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Situational awareness: "Tens of thousands of employees at more than 18,000 U.S. hotels will soon carry panic buttons to help protect them from harassment and assault," the AP reports.

  • "More than a dozen big hotel chains — including Marriott, Hilton, Hyatt, IHG and Wyndham ... will provide personal safety devices by 2020 to all employees who deal one-on-one with guests."

Breaking: "(AP) - Twitter is permanently banning conspiracy theorist Alex Jones and Infowars for abusive behavior."

1 big thing: Nike's simple bet on Kaepernick

Photo: Justin Sullivan/Getty Images

While Washington burns over the anonymous op-ed and Day 3 of the Kavanaugh confirmation hearings, middle America has been consumed by the return of the NFL's culture war.

The big picture: Nike's embrace of Colin Kaepernick has created massive earned media pickup and brand lift, and alienated major chunks of America by promoting the former quarterback's National Anthem protests against police brutality.

By the numbers:

  • Nike’s brand favorability has dropped 34 points from a net +69 favorable impression among consumers to a net +35 favorable impression, according to a new poll from Morning Consult, Axios' Sara Fischer notes.
  • Though Nike shares initially dropped on the news, the stock has since regained about half of its losses.
  • Nike has picked up $163+ million in earned media from the campaign, Bloomberg reports.
  • About 40% of that exposure was positive, with negative and neutral evenly splitting the remainder.

The bottom line: This is the age of polarized brands and corporations, with both internal and external pressures for companies to take controversial political positions.

Be smart... Nike's simple bet is that the people mad about its decision aren't its customers anyway, while those pleased will become even more loyal.

P.S. NFL Hall of Famer Steve Young told Axios today that the NFL has botched its response to the anthem protests.

RIP Burt Reynolds

Burt Reynolds in 2005. Photo: Mark Boster/Los Angeles Times via Getty Images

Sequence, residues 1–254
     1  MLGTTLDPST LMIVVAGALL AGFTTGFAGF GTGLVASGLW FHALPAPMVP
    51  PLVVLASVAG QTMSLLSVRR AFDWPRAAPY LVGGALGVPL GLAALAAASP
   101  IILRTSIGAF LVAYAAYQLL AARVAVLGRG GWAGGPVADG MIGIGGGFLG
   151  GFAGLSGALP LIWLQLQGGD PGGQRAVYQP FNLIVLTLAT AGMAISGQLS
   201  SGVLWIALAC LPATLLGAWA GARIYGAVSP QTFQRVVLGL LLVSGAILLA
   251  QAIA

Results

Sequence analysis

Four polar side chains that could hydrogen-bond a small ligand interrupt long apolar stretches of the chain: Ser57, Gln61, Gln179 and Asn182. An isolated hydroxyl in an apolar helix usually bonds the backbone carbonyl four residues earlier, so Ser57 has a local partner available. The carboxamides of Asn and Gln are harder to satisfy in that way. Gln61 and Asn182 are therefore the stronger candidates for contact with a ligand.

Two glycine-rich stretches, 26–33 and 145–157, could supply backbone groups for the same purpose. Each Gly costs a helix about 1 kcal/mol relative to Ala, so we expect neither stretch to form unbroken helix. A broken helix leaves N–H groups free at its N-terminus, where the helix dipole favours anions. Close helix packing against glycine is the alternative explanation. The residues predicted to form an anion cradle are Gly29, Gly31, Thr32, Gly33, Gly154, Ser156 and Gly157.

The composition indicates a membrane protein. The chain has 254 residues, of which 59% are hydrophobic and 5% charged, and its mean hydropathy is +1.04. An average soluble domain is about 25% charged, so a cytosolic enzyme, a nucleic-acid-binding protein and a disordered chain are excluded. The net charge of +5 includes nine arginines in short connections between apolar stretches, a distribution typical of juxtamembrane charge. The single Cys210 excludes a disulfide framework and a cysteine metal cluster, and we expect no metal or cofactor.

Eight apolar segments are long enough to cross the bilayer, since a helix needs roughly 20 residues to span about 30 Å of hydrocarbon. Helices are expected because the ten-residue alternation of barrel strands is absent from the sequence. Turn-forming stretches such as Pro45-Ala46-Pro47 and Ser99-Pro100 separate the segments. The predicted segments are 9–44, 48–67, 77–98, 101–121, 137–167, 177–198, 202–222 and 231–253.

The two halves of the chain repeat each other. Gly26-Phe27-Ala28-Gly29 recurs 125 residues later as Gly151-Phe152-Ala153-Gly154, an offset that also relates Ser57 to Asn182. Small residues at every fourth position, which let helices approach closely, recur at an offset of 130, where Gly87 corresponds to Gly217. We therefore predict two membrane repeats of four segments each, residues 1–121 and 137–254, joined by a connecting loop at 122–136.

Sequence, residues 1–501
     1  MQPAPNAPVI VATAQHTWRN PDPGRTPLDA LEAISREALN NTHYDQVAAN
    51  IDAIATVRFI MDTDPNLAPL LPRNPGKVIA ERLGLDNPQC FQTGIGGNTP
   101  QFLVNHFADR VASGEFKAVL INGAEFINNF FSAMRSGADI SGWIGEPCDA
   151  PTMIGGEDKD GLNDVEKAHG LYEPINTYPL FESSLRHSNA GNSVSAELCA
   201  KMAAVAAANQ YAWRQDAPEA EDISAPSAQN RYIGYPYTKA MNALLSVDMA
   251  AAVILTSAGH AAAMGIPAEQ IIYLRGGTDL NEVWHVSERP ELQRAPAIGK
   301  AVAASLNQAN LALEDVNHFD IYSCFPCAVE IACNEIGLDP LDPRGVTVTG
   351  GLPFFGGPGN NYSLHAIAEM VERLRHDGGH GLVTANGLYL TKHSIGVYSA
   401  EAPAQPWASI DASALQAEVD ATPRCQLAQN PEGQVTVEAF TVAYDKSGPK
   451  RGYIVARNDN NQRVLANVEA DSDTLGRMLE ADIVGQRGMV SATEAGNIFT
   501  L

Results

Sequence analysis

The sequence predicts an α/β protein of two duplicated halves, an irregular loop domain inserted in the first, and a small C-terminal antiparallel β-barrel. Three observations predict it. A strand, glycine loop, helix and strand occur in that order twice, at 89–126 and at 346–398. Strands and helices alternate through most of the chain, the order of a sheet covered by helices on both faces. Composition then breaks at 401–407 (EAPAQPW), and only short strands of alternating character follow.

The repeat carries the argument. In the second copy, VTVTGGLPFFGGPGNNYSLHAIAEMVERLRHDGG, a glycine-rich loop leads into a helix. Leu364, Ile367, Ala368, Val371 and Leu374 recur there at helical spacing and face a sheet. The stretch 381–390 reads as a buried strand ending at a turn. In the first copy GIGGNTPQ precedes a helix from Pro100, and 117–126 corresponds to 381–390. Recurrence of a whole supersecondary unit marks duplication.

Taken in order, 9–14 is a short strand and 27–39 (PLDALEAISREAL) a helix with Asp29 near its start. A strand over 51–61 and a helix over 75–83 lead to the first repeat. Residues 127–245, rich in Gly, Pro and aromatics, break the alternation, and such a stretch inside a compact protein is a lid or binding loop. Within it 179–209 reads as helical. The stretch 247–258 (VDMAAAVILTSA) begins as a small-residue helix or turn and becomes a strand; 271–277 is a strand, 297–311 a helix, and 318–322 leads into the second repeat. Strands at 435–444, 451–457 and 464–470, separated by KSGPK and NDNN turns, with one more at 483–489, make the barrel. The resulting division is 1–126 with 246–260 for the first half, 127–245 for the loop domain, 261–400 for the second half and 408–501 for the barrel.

Acting star Burt Reynolds is dead at 82. Read his N.Y. Times obituary.

2. What you missed
  1. The White House has launched a massive "whodunnit" search to identify the anonymous senior official behind the scathing NYT op-ed. A slew of top officials are denying authorship. The list.
  2. The U.S. issued a joint statement with allied countries supporting the U.K.'s assessment that officers from the Russian military intelligence service were behind the poisoning of Sergei Skripal. Details.
  3. Sen. Cory Booker claimed he broke committee rules by publishing "confidential" Kavanaugh documents. But the lawyer handling the documents says his team cleared the files for release last night. What they're saying.
  4. President Trump had an impromptu meeting at the White House yesterday, during which he discussed potential commutations for two Kardashian-backed prisoners. Behind-the-scenes.
  5. Eight Roman Catholic diocese in New York have been subpoenaed by the state's Attorney General in the wake of a Pennsylvania grand jury report that found rampant sexual abuse in the Catholic Church. Go deeper.
  6. CBS' board is reportedly in talks to replace CEO Les Moonves, who is facing allegations of sexual harassment. More.
3. 1 fun thing

Starbucks has made its way to Italy, opening a "Reserve Roastery" in Milan, which is famous for its coffee bars and cafes, the AP reports.

  • "The company has more than 28,000 stores worldwide, but the palatial Milan location is only its third roastery. The others are in Seattle, where the company is headquartered, and Shanghai."
  • "I’ve tasted Starbucks coffee and I’ll absolutely stick to Italian coffee,'" said Milan resident Giulia Brighenti as she scraped the foamy remains of her espresso at a coffee bar not far from Starbucks’ new Reserve Roastery."